Sabah calls in army to clear river-choking debris

A path to the Mesilau Nature Centre is damaged by a massive mudflow, which has blocked roads into Kiau and Mesilau.
A path to the Mesilau Nature Centre is damaged by a massive mudflow, which has blocked roads into Kiau and Mesilau. PHOTO: THE STAR/ASIA NEWS NETWORK

RANAU (Sabah) - Malaysia's Sabah state has put the army on guard as tonnes of debris choking the Liwagu River pose a threat to villagers.

Uprooted trees and rocks, among other debris, are stuck at two points along the river, and the authorities fear one more surge upstream would result in the floating debris pummelling down and endangering the lives of the 3,000 residents in five villages below.

With private contractors being slow in clearing the debris, the Sabah government has got the army to step in. The Fire and Rescue Department is doing its part by evacuating villagers.

Sabah Deputy Chief Minister Joseph Pairin Kitingan said the heavy debris, which also included logs, was lodged at the Ranau Water Department's two water intake points in Kampung Bambagan and Kampung Kimolihing.

"We need help from the army to clear it quickly before another downpour on the mountain pushes it down," he said, adding that contractors may take up to two months to do the job.

The debris has "choked" Ranau's water treatment plant, triggering a water crisis for the 95,000 people in the district. Water tankers from across Sabah have been mobilised to distribute water to villagers. A social media appeal for drinking water for the affected areas has had overwhelming response, with collection centres filling up with donated water.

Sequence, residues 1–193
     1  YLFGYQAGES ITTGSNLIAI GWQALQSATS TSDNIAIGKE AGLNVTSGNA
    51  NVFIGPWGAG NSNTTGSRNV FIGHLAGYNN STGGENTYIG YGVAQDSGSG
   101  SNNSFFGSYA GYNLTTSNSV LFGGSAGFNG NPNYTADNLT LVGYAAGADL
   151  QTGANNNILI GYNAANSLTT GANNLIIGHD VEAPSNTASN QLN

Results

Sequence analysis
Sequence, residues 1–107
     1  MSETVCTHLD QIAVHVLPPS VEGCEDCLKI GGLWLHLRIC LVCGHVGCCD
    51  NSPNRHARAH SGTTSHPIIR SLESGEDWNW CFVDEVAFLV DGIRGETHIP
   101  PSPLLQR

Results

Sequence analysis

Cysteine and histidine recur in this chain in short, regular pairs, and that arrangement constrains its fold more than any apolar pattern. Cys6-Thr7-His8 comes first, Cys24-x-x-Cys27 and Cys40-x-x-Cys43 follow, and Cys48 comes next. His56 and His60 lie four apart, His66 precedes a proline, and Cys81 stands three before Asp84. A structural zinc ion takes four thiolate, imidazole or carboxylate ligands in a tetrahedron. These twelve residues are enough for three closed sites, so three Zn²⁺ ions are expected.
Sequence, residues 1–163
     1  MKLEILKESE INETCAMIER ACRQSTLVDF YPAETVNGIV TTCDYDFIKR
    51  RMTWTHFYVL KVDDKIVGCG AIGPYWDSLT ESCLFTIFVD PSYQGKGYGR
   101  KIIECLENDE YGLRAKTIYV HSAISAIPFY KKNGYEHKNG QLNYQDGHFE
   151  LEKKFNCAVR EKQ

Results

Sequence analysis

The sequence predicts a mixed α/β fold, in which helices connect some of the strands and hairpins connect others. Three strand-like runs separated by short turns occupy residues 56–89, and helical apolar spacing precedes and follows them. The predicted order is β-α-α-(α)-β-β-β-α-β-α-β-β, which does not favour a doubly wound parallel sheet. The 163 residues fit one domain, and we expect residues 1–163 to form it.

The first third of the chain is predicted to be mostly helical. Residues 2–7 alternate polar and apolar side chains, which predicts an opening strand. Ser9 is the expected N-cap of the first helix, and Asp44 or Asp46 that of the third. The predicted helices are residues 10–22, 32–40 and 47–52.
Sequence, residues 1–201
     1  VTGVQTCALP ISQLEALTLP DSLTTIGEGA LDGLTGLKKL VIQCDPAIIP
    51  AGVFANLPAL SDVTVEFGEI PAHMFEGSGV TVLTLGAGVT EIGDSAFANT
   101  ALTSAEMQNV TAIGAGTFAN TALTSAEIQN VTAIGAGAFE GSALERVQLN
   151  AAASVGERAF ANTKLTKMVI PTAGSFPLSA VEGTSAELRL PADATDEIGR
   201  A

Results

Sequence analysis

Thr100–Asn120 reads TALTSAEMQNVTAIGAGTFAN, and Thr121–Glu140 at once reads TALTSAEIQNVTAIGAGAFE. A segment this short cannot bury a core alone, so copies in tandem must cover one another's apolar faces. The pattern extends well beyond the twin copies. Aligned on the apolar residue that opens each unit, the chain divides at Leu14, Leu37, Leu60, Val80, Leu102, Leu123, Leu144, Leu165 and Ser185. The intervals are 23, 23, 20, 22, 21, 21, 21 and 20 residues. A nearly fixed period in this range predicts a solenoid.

On Monday, a massive mudflow and boulders and rocks blocked roads leading into Kiau and Mesilau.

Universiti Malaysia Sabah geologist Felix Tongkul said the debris was carried downstream to the Liwagu River. As the surge headed downstream, it caused more trees to fall and the debris field increased, choking the water treatment plant's sluice gates, he said during a visit on Wednesday.

Teacher Haili Salim, who had hoped to move into his new house with his wife and six children in time for Hari Raya, had his hopes dashed when the river bank it was being built on was completely eroded by the mudflow, washing away the house.

"The hard-earned money and sweat we put into building this house has now amounted to nothing," said the 48-year-old. "I have to accept that our house is now in the river."

Hundreds of villagers in Kampung Mesilau have fled their houses. Almost 1,000 people have moved into seven evacuation centres.

Meanwhile, a 4.0-magnitude earthquake hit Ranau at 5.58am yesterday.


A version of this article appeared in the print edition of The Straits Times on June 19, 2015, with the headline 'Sabah calls in army to clear river-choking debris'. Print Edition | Subscribe